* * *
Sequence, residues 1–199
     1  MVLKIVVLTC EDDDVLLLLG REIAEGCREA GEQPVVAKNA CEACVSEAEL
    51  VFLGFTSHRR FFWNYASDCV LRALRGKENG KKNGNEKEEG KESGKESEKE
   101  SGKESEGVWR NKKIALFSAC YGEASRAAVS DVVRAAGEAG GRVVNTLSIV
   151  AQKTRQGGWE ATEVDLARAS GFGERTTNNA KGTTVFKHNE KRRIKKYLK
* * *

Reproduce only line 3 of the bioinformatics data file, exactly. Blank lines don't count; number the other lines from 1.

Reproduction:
    51  VFLGFTSHRR FFWNYASDCV LRALRGKENG KKNGNEKEEG KESGKESEKE